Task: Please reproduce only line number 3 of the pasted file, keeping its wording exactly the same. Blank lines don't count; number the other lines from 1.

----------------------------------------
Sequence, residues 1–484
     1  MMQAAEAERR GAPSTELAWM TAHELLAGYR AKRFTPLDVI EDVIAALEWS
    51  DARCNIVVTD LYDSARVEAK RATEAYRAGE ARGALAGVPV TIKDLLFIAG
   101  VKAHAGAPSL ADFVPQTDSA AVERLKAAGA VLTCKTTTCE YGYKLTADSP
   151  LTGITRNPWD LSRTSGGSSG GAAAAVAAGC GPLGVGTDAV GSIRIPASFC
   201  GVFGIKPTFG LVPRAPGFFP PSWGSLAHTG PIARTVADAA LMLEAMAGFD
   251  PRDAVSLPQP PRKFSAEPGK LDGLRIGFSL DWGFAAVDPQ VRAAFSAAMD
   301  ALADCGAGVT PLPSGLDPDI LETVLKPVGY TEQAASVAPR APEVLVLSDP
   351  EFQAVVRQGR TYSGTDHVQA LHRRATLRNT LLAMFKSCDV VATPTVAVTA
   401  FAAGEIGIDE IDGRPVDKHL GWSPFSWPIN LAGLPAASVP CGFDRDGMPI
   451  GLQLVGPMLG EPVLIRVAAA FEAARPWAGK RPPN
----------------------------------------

    51  DARCNIVVTD LYDSARVEAK RATEAYRAGE ARGALAGVPV TIKDLLFIAG